Lineker: BBC seeks to end tweet row, brings Lineker back

LONDON: The BBC called a truce Monday in its showdown with sports commentator Gary Lineker, reversing its suspension of the former soccer great for a tweet that criticized the UK government’s contentious new migration policy.
The about-face came a weekend of chaos and crisis for the publicly funded national broadcaster, which faced a huge backlash after sidelining one of its best-known hosts because he expressed a political opinion. “Gary is a valued part of the BBC and I know how much the BBC means to Gary, and I look forward to him presenting our coverage this coming weekend,” BBC director-general Tim Davie said. Lineker, 62, said he was “glad that we have found a way forward. ”
The furore stems from a plan announced last week by Britain’s Conservative government to try to stop tens of thousands of migrants a year from reaching the country in small boats across the English Channel. A new bill will bar asylum claims by anyone who reaches the UK by unauthorized means and will compel the government to detain and deport them “to their home country or a safe third country. ”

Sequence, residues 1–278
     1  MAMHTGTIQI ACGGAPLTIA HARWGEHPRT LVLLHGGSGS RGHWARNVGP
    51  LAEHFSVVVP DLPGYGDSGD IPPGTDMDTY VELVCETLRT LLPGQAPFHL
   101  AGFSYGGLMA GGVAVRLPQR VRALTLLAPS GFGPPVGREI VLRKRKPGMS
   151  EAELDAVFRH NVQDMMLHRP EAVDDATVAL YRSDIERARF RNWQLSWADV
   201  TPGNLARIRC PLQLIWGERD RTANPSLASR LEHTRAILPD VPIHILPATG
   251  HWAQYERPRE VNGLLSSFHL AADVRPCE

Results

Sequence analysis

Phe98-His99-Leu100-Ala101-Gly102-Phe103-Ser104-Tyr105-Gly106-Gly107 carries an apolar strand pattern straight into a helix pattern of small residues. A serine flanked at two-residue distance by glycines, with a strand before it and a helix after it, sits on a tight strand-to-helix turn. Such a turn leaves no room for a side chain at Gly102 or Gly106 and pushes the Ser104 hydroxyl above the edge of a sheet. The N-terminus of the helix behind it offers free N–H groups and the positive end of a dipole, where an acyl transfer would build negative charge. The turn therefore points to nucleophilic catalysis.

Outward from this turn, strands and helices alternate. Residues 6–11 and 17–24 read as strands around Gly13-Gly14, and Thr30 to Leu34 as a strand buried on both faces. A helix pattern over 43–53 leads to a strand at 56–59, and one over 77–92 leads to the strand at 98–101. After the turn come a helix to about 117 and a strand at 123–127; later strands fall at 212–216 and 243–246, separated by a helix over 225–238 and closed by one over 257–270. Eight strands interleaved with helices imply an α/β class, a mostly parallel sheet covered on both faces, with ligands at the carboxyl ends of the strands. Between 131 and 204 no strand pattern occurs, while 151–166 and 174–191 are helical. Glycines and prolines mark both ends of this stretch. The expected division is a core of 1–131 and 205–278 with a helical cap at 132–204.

The legislation has been condemned by refugee groupsand the UN, and the government concedes it may breach international law.
Lineker, one of England’s most lauded players and the corporation’s highest-paid television presenter, was suspended after he described the plan on Twitter as “immeasurably cruel” and called the government’s language “not dissimilar to that used by Germany in the 30s. ” The Daily Telegraph and the Daily Mail, two right-leaning newspapers long critical of the BBC, expressed outrage over what they described in headlines as Lineker’s “Nazi” comment, although he hadn’t used the word.

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